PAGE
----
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Value-Added Grants Help Minnesota Pork Farm Meet Growing Demand

Posted by Adam Czech, Minnesota USDA Public Information Officer in Food and Nutrition Farming Rural
Dec 26, 2012
Jim VanDerPol get his pigs ready for market on his Pastures A Plenty farm in Kerkhoven, Minn.
Jim VanDerPol get his pigs ready for market on his Pastures A Plenty farm in Kerkhoven, Minn.

“We think that fresh air and sunshine are the best health guarantee.” That’s the quote you’ll see after opening a brochure from Pastures A Plenty Farm. Spend an hour with the VanDerPol family and you quickly understand that those words are much more than just a marketing slogan. It’s the family’s philosophy.

Pastures A Plenty’s pork products can be found in many co-ops, retail outlets, restaurants and local stores throughout Minnesota. The VanDerPols feed their hogs on grass and straw and use a wholistic veterinary approach featuring probiotics and spices instead of drugs.

The result is some great tasting locally raised pork and a growing business that helps boost the rural economy.

The VanDerPol’s also have free-range chickens and a cattle-grazing operation, but it’s the pork business that has been picking up steam since 1999.

“Keeping up with demand is a big problem right now,” said LeAnn VanDerPol, who runs Pastures A Plenty with her husband Jim, son Josh and daughter-in-law Cindy. Josh and Cindy’s three children also pitch in.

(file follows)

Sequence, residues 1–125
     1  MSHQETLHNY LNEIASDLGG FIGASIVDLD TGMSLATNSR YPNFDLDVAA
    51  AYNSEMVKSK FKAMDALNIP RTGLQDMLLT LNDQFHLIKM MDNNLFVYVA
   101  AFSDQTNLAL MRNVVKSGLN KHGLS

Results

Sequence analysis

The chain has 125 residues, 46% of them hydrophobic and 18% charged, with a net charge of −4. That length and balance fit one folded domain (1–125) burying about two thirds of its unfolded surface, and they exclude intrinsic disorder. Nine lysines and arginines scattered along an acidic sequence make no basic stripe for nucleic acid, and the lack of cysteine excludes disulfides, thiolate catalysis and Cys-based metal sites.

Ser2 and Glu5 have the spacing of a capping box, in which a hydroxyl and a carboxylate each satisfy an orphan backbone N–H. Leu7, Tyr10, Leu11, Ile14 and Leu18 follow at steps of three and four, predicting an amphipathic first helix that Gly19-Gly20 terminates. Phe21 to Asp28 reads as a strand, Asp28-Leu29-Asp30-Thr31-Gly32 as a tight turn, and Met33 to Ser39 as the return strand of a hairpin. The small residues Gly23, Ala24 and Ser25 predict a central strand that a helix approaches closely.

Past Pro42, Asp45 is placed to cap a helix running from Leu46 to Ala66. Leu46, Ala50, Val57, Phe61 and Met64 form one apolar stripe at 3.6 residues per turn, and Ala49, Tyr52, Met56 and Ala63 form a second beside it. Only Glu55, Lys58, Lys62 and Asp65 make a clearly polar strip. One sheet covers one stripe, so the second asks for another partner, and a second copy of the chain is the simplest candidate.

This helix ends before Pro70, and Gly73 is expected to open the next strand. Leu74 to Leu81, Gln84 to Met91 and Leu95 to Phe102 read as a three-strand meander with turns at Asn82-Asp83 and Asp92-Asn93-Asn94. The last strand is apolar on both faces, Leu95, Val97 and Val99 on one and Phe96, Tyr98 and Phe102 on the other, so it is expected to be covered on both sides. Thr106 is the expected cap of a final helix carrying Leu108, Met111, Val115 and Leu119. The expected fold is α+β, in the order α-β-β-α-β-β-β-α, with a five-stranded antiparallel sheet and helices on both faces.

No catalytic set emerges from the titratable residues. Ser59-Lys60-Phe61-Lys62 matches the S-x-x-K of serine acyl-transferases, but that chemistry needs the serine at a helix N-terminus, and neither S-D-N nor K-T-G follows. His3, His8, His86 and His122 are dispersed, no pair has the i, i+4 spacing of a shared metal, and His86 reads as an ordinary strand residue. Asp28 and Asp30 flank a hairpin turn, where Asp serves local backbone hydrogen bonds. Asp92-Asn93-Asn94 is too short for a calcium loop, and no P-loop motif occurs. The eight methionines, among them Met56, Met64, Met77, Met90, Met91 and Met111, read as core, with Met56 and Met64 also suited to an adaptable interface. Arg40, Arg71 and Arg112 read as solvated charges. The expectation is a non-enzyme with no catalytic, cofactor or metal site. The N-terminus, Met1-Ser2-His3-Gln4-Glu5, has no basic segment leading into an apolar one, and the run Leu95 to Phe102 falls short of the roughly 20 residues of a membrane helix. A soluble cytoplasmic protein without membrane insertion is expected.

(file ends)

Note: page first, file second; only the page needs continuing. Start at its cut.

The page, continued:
High demand for a product is usually a good problem to have. But it can also be challenging for a small business. To help the growing operation, USDA Rural Development selected Pastures A Plenty to receive two separate Value-Added Producer Grants, one in 2009 for business planning and another in 2012 for working capital and marketing efforts to introduce different retailers and restaurants to its high-quality pork products.

The grants are helping Pastures A Plenty grow from 70 sows to 90, build a new barn, upgrade equipment and improve existing facilities.

All of this is in response to what the VanDerPol’s see as a growing demand for more locally-grown foods.

“A lot of what’s on Facebook right now, it’s ‘go buy local’,” Cindy said. “We’re always trying to connect with current and potential customers. It might be online, it might be with people from church, or it might be a chef in the Twin Cities. There are more markets for our type of product than ever before.”

And new markets continue opening. Cindy and LeAnn said they have seen increased interest in ordering lard, pork liver and kidneys thanks to celebrities using these products on cable television.

Since 2009, USDA has used the Value-Added program to help 12 agricultural producers in Minnesota reach new markets and access valuable working capital.

To find out how USDA programs can help your rural or farm-based business grow, click here. For more Value Added Producer Grant efforts in your community, check out the the Know Your Farmer, Know Your Food Compass map, and sort by USDA program "VAPG."

Category/Topic: Food and Nutrition Farming Rural